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‘Arrested,’ HBO shows dominate crix kudos

McShane honored after Emmy snub

The nation’s TV critics love “Arrested Development” — but they love HBO even more.

Pay cabler snagged four TV Critics Assn. awards Saturday, with ambitious miniseries “Angels in America” taking the honor for program of the year at the 20th annual kudos. “Angels,” which snagged 21 Emmy noms last week, also won for best movie/mini/special.

Other HBO honorees were “The Sopranos” (drama) and “Deadwood” star Ian McShane. Introducing the latter award, TCA treasurer Kathy Tracy made subtle reference to “Deadwood’s” frequent use of profanity by saying it was her “fucking honor to present this cocksucking award to ‘Deadwood’s’ fucking brilliant Ian McShane.”

Critics handed McShane, who was overlooked by Emmy voters, an award for individual achievement in drama; Ricky Gervais of BBC America’s “The Office” was singled out for comedy acting.

On the broadcast side, “Arrested Development” provided Fox both of its TCA wins. Frosh comedy drew program of the year and comedy kudos.

CBS newsmag “60 Minutes” won the org’s heritage award, which goes to long-running skeins or those that have left the air. Creator Don Hewitt snagged the lifetime achievement award.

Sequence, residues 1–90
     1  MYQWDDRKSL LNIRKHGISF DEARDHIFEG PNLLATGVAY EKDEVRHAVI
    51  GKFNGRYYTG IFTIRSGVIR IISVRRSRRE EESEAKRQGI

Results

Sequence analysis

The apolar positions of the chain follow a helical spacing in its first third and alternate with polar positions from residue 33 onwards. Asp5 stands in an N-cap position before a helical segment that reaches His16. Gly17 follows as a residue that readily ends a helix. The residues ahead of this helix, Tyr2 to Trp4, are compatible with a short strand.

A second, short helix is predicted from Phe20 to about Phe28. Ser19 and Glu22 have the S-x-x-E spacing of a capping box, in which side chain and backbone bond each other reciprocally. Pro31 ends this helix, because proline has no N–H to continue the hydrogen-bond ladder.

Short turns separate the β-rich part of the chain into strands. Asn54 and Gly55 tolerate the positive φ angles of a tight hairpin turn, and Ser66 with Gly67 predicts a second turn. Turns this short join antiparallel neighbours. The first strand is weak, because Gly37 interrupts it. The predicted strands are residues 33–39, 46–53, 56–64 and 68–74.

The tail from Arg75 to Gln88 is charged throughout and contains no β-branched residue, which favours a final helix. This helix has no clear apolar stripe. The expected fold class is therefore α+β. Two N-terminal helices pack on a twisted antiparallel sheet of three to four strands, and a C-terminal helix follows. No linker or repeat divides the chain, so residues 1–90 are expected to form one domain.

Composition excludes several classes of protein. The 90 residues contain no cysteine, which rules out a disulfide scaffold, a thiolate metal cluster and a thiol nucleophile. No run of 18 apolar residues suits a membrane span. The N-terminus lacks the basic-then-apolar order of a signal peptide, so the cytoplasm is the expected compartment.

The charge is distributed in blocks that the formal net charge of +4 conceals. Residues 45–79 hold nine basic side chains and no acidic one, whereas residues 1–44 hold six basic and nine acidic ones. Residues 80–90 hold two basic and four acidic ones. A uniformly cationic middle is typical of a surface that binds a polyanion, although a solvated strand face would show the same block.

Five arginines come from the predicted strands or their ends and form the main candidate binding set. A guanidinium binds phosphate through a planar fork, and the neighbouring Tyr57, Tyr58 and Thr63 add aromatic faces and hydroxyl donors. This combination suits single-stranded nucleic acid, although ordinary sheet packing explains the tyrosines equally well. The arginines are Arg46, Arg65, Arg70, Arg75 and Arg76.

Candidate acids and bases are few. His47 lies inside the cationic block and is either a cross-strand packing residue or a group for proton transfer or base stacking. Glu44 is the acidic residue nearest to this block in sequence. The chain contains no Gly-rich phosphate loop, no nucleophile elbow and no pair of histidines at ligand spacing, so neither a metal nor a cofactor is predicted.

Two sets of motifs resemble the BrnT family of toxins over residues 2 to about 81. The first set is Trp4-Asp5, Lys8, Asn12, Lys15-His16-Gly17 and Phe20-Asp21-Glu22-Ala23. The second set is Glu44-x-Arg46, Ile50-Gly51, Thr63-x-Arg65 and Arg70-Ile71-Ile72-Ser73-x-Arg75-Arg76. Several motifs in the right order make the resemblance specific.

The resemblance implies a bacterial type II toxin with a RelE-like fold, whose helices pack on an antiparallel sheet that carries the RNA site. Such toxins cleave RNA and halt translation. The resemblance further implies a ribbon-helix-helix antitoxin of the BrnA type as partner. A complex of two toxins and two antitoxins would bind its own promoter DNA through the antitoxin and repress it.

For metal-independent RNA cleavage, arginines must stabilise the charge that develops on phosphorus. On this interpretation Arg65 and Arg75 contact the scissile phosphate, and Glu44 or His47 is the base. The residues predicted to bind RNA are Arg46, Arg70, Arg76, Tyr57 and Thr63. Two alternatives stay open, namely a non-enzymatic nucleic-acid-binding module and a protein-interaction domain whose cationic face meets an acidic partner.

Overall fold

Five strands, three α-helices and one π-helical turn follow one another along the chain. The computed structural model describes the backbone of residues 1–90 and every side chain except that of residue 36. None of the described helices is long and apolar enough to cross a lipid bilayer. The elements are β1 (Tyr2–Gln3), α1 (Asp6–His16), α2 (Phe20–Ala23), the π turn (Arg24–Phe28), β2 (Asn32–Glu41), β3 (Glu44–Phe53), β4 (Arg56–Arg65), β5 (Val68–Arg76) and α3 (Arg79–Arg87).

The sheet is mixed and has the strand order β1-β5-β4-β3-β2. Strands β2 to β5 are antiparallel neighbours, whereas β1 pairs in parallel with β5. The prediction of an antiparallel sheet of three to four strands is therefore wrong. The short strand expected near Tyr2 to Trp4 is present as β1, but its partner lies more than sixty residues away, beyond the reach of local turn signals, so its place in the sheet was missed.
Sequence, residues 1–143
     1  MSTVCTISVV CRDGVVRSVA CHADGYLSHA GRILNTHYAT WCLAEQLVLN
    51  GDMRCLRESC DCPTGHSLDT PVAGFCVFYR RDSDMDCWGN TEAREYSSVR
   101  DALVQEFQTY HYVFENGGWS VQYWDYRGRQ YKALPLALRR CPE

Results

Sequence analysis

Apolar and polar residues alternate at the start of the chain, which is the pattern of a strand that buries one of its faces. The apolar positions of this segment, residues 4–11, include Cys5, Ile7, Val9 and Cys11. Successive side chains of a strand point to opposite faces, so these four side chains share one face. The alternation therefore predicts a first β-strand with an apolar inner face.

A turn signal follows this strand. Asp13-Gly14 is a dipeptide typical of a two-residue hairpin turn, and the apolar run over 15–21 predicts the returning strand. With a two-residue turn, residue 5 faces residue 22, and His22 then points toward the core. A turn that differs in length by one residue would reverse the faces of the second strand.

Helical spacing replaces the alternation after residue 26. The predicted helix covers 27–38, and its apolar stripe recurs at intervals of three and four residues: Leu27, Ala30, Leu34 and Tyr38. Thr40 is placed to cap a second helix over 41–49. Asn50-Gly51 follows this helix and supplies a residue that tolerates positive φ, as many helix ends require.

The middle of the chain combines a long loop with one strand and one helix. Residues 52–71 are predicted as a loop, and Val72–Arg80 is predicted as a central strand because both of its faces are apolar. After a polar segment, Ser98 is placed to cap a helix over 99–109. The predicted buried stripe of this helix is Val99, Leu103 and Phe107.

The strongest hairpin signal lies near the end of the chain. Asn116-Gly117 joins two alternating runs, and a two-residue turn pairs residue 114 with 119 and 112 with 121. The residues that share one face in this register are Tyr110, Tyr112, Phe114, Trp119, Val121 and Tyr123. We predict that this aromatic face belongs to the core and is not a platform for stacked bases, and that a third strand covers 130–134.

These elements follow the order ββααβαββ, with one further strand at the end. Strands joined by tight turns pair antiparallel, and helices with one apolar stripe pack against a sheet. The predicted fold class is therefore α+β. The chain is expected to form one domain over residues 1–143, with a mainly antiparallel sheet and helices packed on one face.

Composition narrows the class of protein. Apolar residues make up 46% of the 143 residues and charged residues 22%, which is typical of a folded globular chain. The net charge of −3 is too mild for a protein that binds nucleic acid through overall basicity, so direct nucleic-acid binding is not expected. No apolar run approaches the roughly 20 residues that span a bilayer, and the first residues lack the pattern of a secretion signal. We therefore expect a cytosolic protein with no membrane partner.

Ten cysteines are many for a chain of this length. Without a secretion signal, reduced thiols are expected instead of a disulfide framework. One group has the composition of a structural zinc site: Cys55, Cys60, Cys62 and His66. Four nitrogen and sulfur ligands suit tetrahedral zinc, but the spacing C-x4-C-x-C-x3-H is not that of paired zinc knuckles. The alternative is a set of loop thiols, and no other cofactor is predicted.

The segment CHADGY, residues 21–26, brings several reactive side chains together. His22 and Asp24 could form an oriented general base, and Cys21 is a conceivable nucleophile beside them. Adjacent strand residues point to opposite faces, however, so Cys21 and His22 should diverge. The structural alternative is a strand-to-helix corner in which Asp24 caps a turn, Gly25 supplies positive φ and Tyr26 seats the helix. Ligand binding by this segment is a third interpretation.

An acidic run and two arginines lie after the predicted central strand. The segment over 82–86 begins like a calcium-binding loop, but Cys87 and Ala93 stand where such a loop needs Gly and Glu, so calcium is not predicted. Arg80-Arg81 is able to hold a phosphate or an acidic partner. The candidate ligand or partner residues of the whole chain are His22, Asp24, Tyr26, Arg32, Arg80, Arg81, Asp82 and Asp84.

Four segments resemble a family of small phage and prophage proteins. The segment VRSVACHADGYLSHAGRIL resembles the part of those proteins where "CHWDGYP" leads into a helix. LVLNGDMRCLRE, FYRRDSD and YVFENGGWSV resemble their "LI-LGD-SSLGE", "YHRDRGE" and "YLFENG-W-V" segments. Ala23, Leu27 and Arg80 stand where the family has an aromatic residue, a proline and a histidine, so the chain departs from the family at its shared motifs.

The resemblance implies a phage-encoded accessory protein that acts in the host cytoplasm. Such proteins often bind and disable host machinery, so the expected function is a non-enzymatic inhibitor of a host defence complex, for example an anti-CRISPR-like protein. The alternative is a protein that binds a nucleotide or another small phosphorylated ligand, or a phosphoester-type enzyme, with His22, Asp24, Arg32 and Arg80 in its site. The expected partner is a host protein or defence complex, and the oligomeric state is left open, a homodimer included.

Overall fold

Comedy Central’s “The Daily Show” was once again honored in the news/info category, while Nickelodeon’s “Nick News” won for kidvid programming.

HBO latenight host Bill Maher kicked off the kudos with a lengthy rant about life in wartime America.

Awards, voted on by the roughly 200 print reporters and critics who comprise the TCA, were awarded Saturday at a ceremony at the Westin Century Plaza Hotel.

Before the nods were presented, critics dealt with the tempest over a decision by TCA topper and Seattle Times columnist Kay McFadden to solicit coin from networks and others to fund publication of a 20th-anniversary TCA Awards program (Daily Variety, July 14). Program included ads from all of the major networks, as well as Daily Variety.

A lengthy, sometime heated debate over this issue dominated the org’s Saturday business meeting. In the end, critics voted to apologize to nets over the incident and consider a suggestion that the coin be refunded, according to members who attended the meeting.

Ironically, the program at the center of the storm featured a gaffe on its cover: The word “television” was misspelled.

(Adalian is a TCA member.)